Sarah E. O'Connor, Department of Chemistry, Massachusetts Institute of Technology, Cambridge, Massachusetts
How nature synthesizes complex secondary metabolites, or natural products, can be studied only by working within the disciplines of both chemistry and biology. Alkaloids are a complex group of natural products with diverse mechanisms of biosynthesis. This article highlights the biosynthesis of four major classes of plant-derived alkaloids. Only plant alkaloids for which significant genetic information has been obtained were chosen for review. Isoquinoline alkaloid, terpenoid indole alkaloid, tropane alkaloid, and purine alkaloid biosynthesis are described here. The article is intended to provide an overview of the basic mechanism of biosynthesis for selected members of each pathway. Manipulation of these pathways by metabolic engineering is highlighted also.
Alkaloids are a highly diverse group of natural products related only by the presence of a basic nitrogen atom located at some position in the molecule. Even among biosynthetically related classes of alkaloids, the chemical structures are often highly divergent. Although some classes of natural products have a recognizable biochemical paradigm that is centrally applied throughout the pathway, for example, the “assembly line” logic of polyketide biosynthesis (1), the biosynthetic pathways of alkaloids are as diverse as the structures. It is difficult to predict the biochemistry of a given alkaloid based solely on precedent, which makes alkaloid biosynthesis a challenging, but rewarding, area of study.
Hundreds of alkaloid biosynthetic pathways have been studied by chemical strategies, such as isotopic labeling experiments (2, 3). However, modern molecular biology and genetic methodologies have facilitated the identification of alkaloid biosynthetic enzymes. This article focuses on pathways for which a significant amount of genetic and enzymatic information has been obtained. Although alkaloid natural products are produced by insects, plants, fungi, and bacteria, this article focuses on four major classes of plant alkaloids: the isoquinoline alkaloids, the terpenoid indole alkaloids, the tropane alkaloids, and the purine alkaloids.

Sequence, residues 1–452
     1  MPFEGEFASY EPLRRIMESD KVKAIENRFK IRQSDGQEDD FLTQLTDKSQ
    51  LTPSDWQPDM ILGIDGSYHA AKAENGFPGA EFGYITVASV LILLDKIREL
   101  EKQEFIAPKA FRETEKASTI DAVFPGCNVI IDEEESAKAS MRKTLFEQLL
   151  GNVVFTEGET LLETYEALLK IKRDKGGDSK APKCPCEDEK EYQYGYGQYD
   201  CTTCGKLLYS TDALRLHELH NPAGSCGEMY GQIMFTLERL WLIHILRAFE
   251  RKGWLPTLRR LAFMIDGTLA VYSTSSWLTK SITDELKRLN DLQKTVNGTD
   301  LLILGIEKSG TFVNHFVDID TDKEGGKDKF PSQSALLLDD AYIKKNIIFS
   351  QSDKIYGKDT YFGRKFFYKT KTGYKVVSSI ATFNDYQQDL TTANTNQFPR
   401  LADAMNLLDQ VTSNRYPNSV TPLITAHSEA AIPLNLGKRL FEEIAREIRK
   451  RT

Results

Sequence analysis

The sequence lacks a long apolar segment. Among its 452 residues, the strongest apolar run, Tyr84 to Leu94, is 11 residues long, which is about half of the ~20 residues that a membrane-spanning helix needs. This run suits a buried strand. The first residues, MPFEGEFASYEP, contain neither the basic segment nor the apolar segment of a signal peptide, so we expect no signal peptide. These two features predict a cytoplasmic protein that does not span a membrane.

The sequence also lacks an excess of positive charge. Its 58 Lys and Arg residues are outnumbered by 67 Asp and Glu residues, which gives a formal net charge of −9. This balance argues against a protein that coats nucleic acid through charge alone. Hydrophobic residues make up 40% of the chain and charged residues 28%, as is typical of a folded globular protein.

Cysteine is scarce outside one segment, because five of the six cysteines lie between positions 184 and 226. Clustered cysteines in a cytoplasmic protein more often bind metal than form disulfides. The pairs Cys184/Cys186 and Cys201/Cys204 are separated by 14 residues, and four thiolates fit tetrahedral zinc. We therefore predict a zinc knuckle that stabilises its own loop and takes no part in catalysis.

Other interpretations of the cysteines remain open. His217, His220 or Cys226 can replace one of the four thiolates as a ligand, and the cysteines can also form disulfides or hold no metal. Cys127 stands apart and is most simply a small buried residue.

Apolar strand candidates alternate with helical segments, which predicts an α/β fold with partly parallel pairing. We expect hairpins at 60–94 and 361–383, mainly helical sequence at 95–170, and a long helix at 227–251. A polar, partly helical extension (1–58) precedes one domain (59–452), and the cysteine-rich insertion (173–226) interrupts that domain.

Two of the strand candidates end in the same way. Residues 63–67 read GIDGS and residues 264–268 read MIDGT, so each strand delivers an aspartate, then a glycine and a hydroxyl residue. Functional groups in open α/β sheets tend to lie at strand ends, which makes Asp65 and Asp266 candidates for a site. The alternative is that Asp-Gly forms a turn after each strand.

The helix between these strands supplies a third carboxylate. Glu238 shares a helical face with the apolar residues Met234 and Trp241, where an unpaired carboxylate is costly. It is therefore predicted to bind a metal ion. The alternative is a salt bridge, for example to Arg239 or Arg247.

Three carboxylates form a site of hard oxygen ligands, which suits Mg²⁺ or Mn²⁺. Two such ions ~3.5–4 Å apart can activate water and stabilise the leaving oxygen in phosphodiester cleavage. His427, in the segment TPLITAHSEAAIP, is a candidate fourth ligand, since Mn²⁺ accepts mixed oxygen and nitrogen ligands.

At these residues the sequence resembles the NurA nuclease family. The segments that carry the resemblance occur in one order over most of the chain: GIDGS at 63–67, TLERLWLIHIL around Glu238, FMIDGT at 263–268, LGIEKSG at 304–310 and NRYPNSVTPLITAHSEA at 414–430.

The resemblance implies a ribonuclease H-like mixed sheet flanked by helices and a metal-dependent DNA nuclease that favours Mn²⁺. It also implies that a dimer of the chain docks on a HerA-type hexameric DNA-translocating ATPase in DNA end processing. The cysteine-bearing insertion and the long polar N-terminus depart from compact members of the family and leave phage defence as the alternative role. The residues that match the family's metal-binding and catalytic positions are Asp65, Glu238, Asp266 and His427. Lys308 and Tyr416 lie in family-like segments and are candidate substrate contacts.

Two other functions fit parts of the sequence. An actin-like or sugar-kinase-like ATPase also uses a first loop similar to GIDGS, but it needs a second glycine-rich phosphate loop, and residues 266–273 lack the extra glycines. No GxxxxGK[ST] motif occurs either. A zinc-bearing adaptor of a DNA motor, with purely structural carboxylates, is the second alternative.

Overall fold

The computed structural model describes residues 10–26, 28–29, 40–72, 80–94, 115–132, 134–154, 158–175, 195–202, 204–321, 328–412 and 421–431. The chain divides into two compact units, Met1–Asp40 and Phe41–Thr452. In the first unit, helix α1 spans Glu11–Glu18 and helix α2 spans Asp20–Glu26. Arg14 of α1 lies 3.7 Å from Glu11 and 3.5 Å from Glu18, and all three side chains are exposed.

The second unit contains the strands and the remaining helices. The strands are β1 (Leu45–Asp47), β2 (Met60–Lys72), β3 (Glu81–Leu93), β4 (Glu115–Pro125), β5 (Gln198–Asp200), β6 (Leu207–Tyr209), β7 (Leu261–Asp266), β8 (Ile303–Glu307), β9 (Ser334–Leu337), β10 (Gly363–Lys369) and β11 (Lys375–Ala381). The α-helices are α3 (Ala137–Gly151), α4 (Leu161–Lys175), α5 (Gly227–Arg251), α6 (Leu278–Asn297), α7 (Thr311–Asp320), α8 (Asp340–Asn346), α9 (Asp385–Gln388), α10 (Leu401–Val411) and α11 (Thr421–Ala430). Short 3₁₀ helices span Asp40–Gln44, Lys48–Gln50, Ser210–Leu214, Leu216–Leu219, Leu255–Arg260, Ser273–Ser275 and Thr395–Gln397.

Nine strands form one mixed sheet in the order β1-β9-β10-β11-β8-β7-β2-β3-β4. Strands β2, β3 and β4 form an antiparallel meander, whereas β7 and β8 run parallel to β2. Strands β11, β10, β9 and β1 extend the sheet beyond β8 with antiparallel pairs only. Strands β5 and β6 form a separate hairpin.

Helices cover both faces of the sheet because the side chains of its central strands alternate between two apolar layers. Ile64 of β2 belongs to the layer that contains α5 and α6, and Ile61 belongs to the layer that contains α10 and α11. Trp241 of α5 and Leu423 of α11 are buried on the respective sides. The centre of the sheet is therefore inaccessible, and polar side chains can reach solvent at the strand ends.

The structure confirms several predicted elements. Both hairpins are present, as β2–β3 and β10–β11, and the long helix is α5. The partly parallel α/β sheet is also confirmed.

In general, plant biosynthetic pathways are understood poorly when compared with prokaryotic and fungal metabolic pathways. A major reason for this poor understanding is that genes that express complete plant pathways typically are not clustered together on the genome. Therefore, each plant enzyme often is isolated individually and cloned independently. However, several enzymes involved in plant alkaloid biosynthesis have been cloned successfully, and many more enzymes have been purified from alkaloid-producing plants or cell lines (4-6). Identification and study of the biosynthetic enzymes has a significant impact on the understanding of the biochemistry of the pathway. Furthermore, genetic information also can be used to understand the complicated localization patterns and regulation of plant pathways. This article focuses on the biochemistry responsible for the construction of plant alkaloids and summarizes the biosynthetic genes that have been identified to date. Some of these pathways have been the subject of metabolic engineering studies; the results of these studies are mentioned here also. An excellent, more detailed review that covers the biochemistry and genetics of plant alkaloid biosynthesis up until the late 1990s is available also (7).
The isoquinoline alkaloids include the analgesics morphine and codeine as well as the antibiotic berberine (Fig. 1a). Morphine and codeine are two of the most important analgesics used in medicine, and plants remain the main commercial source of the alkaloids (8). Development of plant cell cultures of Eschscholzia californica, Papaver somniferum, and Coptis japonica has aided in the isolation and cloning of many enzymes involved in the biosynthesis of isoquinoline alkaloids (9).
Early steps of isoquinoline biosynthesis
Isoquinoline biosynthesis begins with the substrates dopamine and p-hydroxyphenylacetaldehyde (Fig. 1b). Dopamine is made from tyrosine by hydroxylation and decarboxylation. Enzymes that catalyze the hydroxylation and decarboxylation steps in either order exist in the plant, and the predominant pathway for formation of dopamine from tyrosine is not clear. The second substrate, p-hydroxyphenylacetaldehyde, is generated by transamination and decarboxylation of tyrosine (10, 11).